DEAR DOCTOR K: Swimming is my favorite form of exercise, and I do it several times a week. Lately I’ve been plagued by swimmer’s ear. Can you tell me how to prevent it so I don’t have to give up swimming?
DEAR READER: Swimmer’s ear is an infection of the outer ear canal that is usually caused by bacteria.
You’ve probably experienced itching and redness in and around the ear. You may have had yellow, green or even cheesy drainage from the ear. You may have felt pain when you touched your ear or when you chewed or talked. If the ear canal was very swollen, you may have had some trouble hearing.
Normally, the skin inside your ear canal – like all of your skin – is dry. When you swim, the skin inside your ear canal stays wet. Skin doesn’t like to be wet very long – just look at the skin that has been underneath a bandage, a damp environment, for several days. It gets white and puffy. If you could see it under a microscope, you’d also see that it has become a little “moth-eaten.”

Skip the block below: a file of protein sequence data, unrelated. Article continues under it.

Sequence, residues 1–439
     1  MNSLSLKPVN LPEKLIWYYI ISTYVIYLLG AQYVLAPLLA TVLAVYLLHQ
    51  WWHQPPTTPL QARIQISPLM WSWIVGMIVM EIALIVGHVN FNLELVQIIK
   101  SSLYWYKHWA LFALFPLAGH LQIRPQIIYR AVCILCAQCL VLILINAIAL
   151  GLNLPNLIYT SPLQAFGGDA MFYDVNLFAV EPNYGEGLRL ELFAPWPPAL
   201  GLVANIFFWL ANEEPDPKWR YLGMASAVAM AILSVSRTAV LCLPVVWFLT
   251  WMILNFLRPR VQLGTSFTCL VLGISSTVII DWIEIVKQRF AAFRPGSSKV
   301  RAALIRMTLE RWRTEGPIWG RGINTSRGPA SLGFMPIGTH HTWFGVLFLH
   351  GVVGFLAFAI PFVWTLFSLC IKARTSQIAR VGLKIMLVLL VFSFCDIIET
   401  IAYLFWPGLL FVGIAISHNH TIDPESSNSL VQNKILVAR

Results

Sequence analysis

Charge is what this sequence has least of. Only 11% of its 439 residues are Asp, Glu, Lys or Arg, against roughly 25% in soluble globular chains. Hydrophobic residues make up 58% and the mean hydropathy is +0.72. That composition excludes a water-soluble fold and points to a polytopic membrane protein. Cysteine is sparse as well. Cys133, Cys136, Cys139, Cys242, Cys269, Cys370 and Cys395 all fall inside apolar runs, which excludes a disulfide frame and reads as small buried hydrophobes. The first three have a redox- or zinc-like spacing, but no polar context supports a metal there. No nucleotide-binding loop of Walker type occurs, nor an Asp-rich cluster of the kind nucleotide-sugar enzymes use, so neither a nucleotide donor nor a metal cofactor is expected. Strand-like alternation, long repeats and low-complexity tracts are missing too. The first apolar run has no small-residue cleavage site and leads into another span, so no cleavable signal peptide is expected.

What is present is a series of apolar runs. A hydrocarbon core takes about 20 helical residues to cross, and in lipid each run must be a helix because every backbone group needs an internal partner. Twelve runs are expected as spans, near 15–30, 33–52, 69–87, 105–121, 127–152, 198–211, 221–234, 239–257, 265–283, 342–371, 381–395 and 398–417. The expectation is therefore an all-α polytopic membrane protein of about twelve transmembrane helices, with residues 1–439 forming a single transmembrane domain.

To help prevent future cases of swimmer’s ear:
• If you get water in your ears, dry them thoroughly. First, turn your head to the side and pull the earlobe in different directions to help the water run out. Gently dry the opening to the ear canal. Then use a hair dryer briefly on its lowest setting held at arm’s length to dry the rest of the canal.
• Do not use cotton swabs to clean your ears. Swabs can cause trauma to ear canals, making them more susceptible to infection.
• Do not use earplugs unless they are designed specifically to keep water out.
• Eardrops after swimming can reduce your risk of getting swimmer’s ear. You can buy nonprescription eardrops at the drugstore. You can make a similar “home-grown” remedy by mixing equal parts white vinegar and rubbing alcohol. Use three to four drops in each ear after swimming.